Skip to main content
Browse Subject Areas

Click through the PLOS taxonomy to find articles in your field.

For more information about PLOS Subject Areas, click here.

  • Loading metrics

Modeling Caribou Movements: Seasonal Ranges and Migration Routes of the Central Arctic Herd

  • Kerry L. Nicholson ,

    Affiliations Department of Fish and Wildlife Sciences, University of Idaho, Moscow, Idaho, United States of America, Alaska Department of Fish and Game, Division of Wildlife Conservation, Fairbanks, Alaska, United States of America

  • Stephen M. Arthur,

    Current address: U.S. Fish and Wildlife Service, Arctic National Wildlife Refuge, Fairbanks, Alaska, United States of America

    Affiliation Alaska Department of Fish and Game, Division of Wildlife Conservation, Fairbanks, Alaska, United States of America

  • Jon S. Horne,

    Current address: Idaho Department of Fish and Game, Lewiston, Idaho, United States of America

    Affiliation Department of Fish and Wildlife Sciences, University of Idaho, Moscow, Idaho, United States of America

  • Edward O. Garton,

    Affiliation Department of Fish and Wildlife Sciences, University of Idaho, Moscow, Idaho, United States of America

  • Patricia A. Del Vecchio

    Current address: 1580 Ivan's Alley, Fairbanks, Alaska, United States of America

    Affiliation Alaska Department of Fish and Game, Division of Wildlife Conservation, Fairbanks, Alaska, United States of America


Migration is an important component of the life history of many animals, but persistence of large-scale terrestrial migrations is being challenged by environmental changes that fragment habitats and create obstacles to animal movements. In northern Alaska, the Central Arctic herd (CAH) of barren-ground caribou (Rangifer tarandus granti) is known to migrate over large distances, but the herd’s seasonal distributions and migratory movements are not well documented. From 2003–2007, we used GPS radio-collars to determine seasonal ranges and migration routes of 54 female caribou from the CAH. We calculated Brownian bridges to model fall and spring migrations for each year and used the mean of these over all 4 years to identify areas that were used repeatedly. Annual estimates of sizes of seasonal ranges determined by 90% fixed kernel utilization distributions were similar between summer and winter ( = 27,929 SE = 1,064 and = 26,585 SE = 4912 km2, respectively). Overlap between consecutive summer and winter ranges varied from 3.3–18.3%. Percent overlap between summer ranges used during consecutive years ( = 62.4% SE = 3.7%) was higher than for winter ranges ( = 42.8% SE = 5.9%). Caribou used multiple migration routes each year, but some areas were used by caribou during all years, suggesting that these areas should be managed to allow for continued utilization by caribou. Restoring migration routes after they have been disturbed or fragmented is challenging. However, prior knowledge of movements and threats may facilitate maintenance of migratory paths and seasonal ranges necessary for long-term persistence of migratory species.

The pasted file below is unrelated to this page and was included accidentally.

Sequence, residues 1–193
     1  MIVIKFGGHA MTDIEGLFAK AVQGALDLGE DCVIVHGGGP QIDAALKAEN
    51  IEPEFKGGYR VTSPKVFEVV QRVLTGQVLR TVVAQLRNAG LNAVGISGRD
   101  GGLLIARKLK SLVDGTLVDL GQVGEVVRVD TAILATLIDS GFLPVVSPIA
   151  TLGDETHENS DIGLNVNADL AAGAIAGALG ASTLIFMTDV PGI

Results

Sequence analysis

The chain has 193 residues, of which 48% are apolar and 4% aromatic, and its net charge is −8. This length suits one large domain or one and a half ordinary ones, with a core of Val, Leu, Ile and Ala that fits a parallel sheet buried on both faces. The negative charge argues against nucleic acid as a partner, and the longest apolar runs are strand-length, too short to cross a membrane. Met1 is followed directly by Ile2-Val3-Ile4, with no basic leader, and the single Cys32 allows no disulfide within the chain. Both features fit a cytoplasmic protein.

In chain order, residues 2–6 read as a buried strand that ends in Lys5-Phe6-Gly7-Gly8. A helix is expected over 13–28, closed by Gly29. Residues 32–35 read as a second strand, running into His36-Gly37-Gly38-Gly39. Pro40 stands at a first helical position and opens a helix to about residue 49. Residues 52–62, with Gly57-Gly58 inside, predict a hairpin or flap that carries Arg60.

Migration is a distinctive characteristic of many animals, and large-scale migrations are found worldwide among ungulate species such as wildebeest (Connochaetes taurinus), plains zebra (Equus quagga) and elephants (Laxodonta africana) in Africa [1], red deer (Cervus elephus) and moose (Alces alces) in Europe, saiga antelope (Saiga tatarica) in central Asia [2], and pronghorn (Antilocapra americana), bison (Bison bison), and elk (Cervus elaphus) in North America [3] [4]. Animals migrate to obtain seasonally-available resources [5], avoid adverse weather, give birth or raise young in areas where predation risk is reduced [6], or avoid overcrowded conditions [7, 8]. Although migration has been defined in various ways [9, 10], we consider migration to be the periodic (e.g., annual) movement away from and subsequent return to a similar location [3, 11]. Migratory behavior results in 2 or more distinct areas of frequent use (i.e., seasonal ranges) that are at least partially separated by a matrix of areas of little or no use. Routes used by animals to travel between seasonal ranges (hereafter, migration routes) have received considerable attention in recent years due to concerns about maintaining connectivity between seasonal ranges of imperiled species or populations [24]. Restoring disturbed migration routes can be challenging. However, better knowledge of animal movements and potential threats to mobility may enable protection measures to be adopted before migration routes become obstructed or fragmented [4, 12]. Identifying areas used for migration by terrestrial mammals is a critical step in long-term management of these species.

In North America, many populations of caribou (Rangifer tarandus) are known or suspected to make seasonal migrations [1317]. Caribou migration routes are often located in areas where shallow or hard snow or frozen rivers and lakes facilitate travel [1821], and adverse snow conditions may delay migration by hindering caribou movements [22]. To accommodate spatial variability in environmental conditions, natural selection has likely favored caribou that follow migration routes that proved successful during previous years [22]. In such cases, young caribou may learn by following older, experienced animals [23]. Such reliance on traditional migration routes might delay or reduce the ability of caribou to adapt to environmental changes.